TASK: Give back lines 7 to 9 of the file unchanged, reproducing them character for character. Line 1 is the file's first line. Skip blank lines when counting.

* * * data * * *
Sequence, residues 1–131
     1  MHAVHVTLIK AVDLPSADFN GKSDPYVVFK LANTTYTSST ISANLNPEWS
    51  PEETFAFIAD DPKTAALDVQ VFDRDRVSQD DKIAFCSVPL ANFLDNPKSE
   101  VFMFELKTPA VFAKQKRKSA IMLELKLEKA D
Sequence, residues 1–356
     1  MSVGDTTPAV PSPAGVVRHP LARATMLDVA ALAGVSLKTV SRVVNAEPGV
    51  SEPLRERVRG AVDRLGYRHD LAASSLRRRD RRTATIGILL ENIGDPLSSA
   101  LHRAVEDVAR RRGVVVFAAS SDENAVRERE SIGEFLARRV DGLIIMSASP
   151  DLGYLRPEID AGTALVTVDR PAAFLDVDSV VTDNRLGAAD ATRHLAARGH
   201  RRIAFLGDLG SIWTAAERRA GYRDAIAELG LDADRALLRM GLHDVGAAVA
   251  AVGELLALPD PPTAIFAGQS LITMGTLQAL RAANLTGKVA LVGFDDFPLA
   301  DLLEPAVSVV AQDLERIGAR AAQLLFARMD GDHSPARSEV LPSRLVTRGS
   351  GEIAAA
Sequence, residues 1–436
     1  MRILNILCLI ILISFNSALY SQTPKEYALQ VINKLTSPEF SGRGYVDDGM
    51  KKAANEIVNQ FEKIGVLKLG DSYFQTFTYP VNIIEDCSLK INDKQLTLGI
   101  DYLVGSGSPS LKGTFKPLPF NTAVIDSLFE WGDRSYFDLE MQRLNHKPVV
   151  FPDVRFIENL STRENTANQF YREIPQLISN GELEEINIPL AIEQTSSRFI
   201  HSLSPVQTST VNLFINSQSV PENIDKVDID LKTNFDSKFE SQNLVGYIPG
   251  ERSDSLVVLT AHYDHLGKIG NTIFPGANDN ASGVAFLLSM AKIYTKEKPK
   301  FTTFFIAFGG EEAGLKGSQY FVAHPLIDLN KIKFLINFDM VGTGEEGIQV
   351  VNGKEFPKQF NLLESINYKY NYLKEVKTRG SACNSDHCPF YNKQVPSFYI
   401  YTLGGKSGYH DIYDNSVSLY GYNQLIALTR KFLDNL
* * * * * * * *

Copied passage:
    51  SEPLRERVRG AVDRLGYRHD LAASSLRRRD RRTATIGILL ENIGDPLSSA
   101  LHRAVEDVAR RRGVVVFAAS SDENAVRERE SIGEFLARRV DGLIIMSASP
   151  DLGYLRPEID AGTALVTVDR PAAFLDVDSV VTDNRLGAAD ATRHLAARGH